We are bogged down by people who do not require test
Testing capacity increasing
Diagnosis takes up to 48 hours but we are trying to reduce timeline
Ability to flatten virus curve depends on you and me
By Chris Onuoha
The Nigeria Centre for Disease Control (NCDC) Director-General, Dr. Chikwe Ihekweazu, says he expects the number of confirmed cases of coronavirus (COVID-19) in the country to keep rising.
Ihekweazu is, however, hopeful that Nigeria would be able to manage the situation and reverse the trend.
His words, “We have crossed the hundred mark and the reality is that there is a virus circulating in our midst and that is why Mr. President came up to speak to Nigerians.
“In the short term, we do expect the numbers to keep rising but we also expect that we will be able to get on top of this and that is why some measures were needed and we met with Mr. President.”
President Muhammadu Buhari had addressed Nigerians over the coronavirus pandemic on Sunday, hours before the NCDC said the number of confirmed cases had risen to 111.
The President, in a broadcast, highlighted some of the measures put in place by the Federal Government to curtail the spread of the disease and mitigate its effect on the Nigerian economy.
He also ordered the restriction of movement in Lagos and Ogun States, as well as the Federal Capital Territory (FCT), Abuja.
To Ihekweazu, the President’s decision to restrict movement, especially in Lagos and Abuja, was a tough one but necessary.
The NCDC boss urges Nigerians to cooperate with his agency and others working hard to curb the spread of COVID-19 in the country.
“He (Buhari) took a very hard decision to make the statement he made to institute the measures he did, you will see that this is really a call on Nigerians to come together and to support these measures.
“We know that these measures work, the challenge for us as a society are the side effects of these measures and which is why they were very difficult to make … it has not been an easy measure to carry out in Nigeria’s biggest (commercial) city and Abuja.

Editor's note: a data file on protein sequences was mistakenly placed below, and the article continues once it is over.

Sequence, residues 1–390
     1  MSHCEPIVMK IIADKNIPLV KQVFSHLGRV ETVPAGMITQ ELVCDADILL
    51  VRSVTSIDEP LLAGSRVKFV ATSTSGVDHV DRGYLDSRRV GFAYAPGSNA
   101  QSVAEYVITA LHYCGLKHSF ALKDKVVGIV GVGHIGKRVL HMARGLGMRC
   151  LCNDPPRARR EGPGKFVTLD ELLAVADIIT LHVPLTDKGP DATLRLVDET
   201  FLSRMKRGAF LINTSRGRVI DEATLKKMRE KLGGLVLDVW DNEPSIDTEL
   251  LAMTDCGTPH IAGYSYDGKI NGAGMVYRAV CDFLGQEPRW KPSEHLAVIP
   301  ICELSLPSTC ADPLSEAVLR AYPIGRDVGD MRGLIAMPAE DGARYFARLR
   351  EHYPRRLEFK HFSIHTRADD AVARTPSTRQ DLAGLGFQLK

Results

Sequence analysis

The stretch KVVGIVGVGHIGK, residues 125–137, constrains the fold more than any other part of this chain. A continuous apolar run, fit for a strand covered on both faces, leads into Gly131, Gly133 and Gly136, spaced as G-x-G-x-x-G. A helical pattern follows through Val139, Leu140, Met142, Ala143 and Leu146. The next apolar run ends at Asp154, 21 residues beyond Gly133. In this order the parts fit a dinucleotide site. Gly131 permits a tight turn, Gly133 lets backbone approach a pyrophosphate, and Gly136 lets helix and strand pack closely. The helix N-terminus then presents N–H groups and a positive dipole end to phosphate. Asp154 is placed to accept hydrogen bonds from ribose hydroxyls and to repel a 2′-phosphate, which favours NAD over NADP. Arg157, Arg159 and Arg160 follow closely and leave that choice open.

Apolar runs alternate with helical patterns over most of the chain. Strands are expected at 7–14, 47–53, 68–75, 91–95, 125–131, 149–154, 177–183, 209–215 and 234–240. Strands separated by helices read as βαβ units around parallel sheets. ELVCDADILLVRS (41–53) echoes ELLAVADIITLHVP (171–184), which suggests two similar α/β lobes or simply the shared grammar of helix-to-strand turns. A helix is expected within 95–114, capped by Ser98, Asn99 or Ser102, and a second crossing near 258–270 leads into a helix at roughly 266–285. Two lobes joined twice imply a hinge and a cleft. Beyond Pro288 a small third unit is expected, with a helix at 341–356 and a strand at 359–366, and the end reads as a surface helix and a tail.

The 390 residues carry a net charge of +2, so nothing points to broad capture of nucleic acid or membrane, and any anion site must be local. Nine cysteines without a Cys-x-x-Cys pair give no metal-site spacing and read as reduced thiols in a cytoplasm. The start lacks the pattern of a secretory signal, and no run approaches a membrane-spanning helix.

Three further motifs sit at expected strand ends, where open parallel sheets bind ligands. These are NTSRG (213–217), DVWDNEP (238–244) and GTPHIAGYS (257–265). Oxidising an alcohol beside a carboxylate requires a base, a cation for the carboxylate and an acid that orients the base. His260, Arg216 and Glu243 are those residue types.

“We appeal to Nigerians to bear the few weeks of pain that will come. Stay at home as much as possible, unless you really really need to go out and let’s see whether we can get on top of this.
“At the moment, there is no vaccine, there are no treatments that work; so, our only hope in containing this outbreak is to prevent transmission from one individual to the other. “The way we can do this is to stop contact with each other which is very difficult, and which is why those extra measures were needed.”
He speaks more in this interview:
As of March 26, we understand that there were about 846 people that were tested. What is the latest figure?
We have tested well over 2, 000 people and we will update and continue to be transparent about the figures we give, but we have increased the number of the laboratories in our network, activating Abakaliki and Ibadan.
Every day we are improving. There is a turnaround and we have moved to a 24-hour-shift-system in Lagos and Abuja. We are maximizing the opportunity of the equipment that we have and, at the same time, rolling out new laboratories.
We also have to go round the country rolling out new labs and, unfortunately, people can’t be split into two. We are focused on and increasing the capacity of testing across the country. However, we are being bogged down by people that do not require the test. So, we also have to manage demand.
And there is no need for you if you are not showing symptoms to run around looking for a test. We appeal to people, especially those living in Lagos and the FCT if you are worried that you might have the virus, stay at home, isolate yourself or call all us if you have symptoms, and we will make come to you and we have done this to thousands of Nigerians.
But what really bogs down the system is when you find people looking for the test, and we are not able to test the people who really need the test. And we are not really improving delivery in the system.